Not many churches can say their success stems from military experience, but, in the case of Crossroads United Methodist Church in Lansing, it’s true.
Because of their proximity to Fort Leavenworth, Rev. Lucinda Holmes said the congregation consists of many retired military personnel.
The mindset these members bring with them is one of goal-setting, trial and evaluation. Most important is their use of after-action reports, a military analytical tool that allows the congregation to examine their projects and decide what’s working — and what’s not.
|Crossroads UMC in Lansing|
After a disappointing turnout for a one-day Vacation Bible School and chili cook-off event last year, Crossroads created an after-action report to figure out what had gone wrong.
“Going out and gathering enough people for this event proved to be too overwhelming for us,” Holmes said. “After creating the report, we realized we hadn’t even invited our own people to the event because we hadn’t asked the right questions from the beginning. Because of this process, we learned something.”
The next time around, the church scheduled the VBS event for the same weekend as Autumn in the Grove, an annual community event that takes place across the street from Crossroads. Since this attraction draws a large crowd, the church did not have to use as many resources to gain an audience. In fact, so many people joined in on Crossroads’ activities that the city requested the church partner with them for the following Autumn in the Grove weekend.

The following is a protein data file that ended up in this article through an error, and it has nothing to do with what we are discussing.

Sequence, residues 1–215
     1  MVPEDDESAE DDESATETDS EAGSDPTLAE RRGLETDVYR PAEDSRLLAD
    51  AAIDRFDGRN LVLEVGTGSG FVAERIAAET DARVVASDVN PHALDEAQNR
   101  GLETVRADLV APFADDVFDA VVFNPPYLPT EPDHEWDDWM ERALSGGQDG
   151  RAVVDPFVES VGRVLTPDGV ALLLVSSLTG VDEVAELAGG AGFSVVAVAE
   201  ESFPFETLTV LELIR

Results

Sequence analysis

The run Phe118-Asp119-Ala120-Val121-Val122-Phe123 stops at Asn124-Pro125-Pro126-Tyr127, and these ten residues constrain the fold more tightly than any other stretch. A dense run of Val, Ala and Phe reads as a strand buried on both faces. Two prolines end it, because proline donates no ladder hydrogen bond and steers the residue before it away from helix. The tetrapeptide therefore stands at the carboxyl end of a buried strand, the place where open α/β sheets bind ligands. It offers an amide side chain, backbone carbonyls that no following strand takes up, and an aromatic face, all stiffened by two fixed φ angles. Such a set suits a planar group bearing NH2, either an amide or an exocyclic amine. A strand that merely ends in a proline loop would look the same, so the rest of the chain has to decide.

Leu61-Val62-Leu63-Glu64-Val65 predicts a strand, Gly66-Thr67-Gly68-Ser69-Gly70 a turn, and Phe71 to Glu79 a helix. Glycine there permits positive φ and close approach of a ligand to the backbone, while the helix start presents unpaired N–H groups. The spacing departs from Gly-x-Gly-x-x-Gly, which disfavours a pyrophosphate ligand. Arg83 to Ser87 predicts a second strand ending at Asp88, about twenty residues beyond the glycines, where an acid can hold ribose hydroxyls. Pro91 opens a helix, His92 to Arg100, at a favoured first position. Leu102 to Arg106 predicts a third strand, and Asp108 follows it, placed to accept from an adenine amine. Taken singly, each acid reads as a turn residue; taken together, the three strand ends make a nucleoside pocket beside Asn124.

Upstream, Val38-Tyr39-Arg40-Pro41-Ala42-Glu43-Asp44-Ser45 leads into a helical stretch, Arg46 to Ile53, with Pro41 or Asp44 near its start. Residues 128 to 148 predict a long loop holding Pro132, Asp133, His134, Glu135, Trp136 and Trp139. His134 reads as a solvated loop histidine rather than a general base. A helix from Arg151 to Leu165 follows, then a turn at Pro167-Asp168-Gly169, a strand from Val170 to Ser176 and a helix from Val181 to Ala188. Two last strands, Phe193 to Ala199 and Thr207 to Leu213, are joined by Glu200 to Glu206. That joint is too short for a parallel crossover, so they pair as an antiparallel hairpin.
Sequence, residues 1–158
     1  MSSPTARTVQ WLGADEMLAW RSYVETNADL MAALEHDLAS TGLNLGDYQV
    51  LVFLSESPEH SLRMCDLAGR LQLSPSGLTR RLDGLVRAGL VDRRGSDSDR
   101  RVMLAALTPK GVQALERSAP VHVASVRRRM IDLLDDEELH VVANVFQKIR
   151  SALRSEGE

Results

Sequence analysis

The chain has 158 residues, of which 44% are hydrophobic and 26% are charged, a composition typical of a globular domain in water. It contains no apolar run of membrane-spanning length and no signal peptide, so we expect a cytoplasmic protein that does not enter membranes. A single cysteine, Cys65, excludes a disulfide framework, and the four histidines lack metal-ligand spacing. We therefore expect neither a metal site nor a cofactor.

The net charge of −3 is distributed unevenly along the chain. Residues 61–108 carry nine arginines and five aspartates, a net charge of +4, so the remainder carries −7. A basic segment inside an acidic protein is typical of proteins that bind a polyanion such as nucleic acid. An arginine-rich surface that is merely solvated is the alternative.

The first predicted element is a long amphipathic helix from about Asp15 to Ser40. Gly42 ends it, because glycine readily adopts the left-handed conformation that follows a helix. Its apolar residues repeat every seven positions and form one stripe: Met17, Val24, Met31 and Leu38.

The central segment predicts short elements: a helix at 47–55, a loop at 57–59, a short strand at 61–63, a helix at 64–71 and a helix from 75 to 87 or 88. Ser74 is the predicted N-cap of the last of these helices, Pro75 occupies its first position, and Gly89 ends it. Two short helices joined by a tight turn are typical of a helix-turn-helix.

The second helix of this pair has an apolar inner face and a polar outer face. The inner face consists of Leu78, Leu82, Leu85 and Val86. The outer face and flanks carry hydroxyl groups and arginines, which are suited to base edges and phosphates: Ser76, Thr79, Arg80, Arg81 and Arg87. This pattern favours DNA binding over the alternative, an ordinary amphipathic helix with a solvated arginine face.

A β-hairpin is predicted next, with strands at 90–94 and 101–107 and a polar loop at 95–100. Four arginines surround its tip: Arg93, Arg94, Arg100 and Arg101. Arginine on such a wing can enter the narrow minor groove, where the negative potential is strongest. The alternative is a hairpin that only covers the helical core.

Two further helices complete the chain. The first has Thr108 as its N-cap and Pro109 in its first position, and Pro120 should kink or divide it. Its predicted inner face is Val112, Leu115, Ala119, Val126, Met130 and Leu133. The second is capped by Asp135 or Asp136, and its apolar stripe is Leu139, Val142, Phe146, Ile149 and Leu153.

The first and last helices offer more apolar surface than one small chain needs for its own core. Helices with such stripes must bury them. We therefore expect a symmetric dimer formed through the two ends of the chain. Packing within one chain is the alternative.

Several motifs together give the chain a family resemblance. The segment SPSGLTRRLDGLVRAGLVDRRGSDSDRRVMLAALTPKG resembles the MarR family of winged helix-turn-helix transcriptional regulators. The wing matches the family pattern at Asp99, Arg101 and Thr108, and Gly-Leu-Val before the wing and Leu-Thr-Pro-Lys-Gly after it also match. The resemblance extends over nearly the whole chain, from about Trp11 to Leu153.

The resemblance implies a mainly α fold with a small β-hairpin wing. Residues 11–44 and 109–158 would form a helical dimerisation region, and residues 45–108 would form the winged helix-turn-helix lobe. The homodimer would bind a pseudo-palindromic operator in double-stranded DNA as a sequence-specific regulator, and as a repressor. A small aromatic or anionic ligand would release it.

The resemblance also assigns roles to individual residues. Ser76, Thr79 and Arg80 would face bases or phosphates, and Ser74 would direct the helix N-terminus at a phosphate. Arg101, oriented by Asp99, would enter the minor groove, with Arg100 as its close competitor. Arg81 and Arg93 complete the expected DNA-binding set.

The Saturday VBS and chili cook-off is just one project to which the members of Crossroads dedicate their time and efforts.
The church’s praise band has partnered with the Tune Shop, a music center in Leavenworth, to give local musicians the opportunity to perform, and the youth program B.I.G. (Believe In God) set up a concession stand at area soccer games to raise money for soccer balls to send to children in Haiti.
“The key is to have two or three projects and to do them well,” Holmes said. “Anything we do, we go big or go home — that’s our philosophy.”
Going big has paid off for this small congregation, whose average attendance was 89 in 2011.
Last year, Crossroads received a Regional Business Excellence Award from the Kansas Department of Commerce. The city nominated Crossroads for being an engaging, vital part of the Lansing community. It is only the second organization in the city’s history to receive the award.
What Holmes hopes to achieve with her congregation, however, goes beyond success and awards.
“When you come together on Sunday morning for worship, everything should be wrapped together. What happens in the worship service should directly apply to what happens during the week. Your hospitality, your Sunday morning worship and your next steps in discipleship are all one experience. It should be seamless,” she said.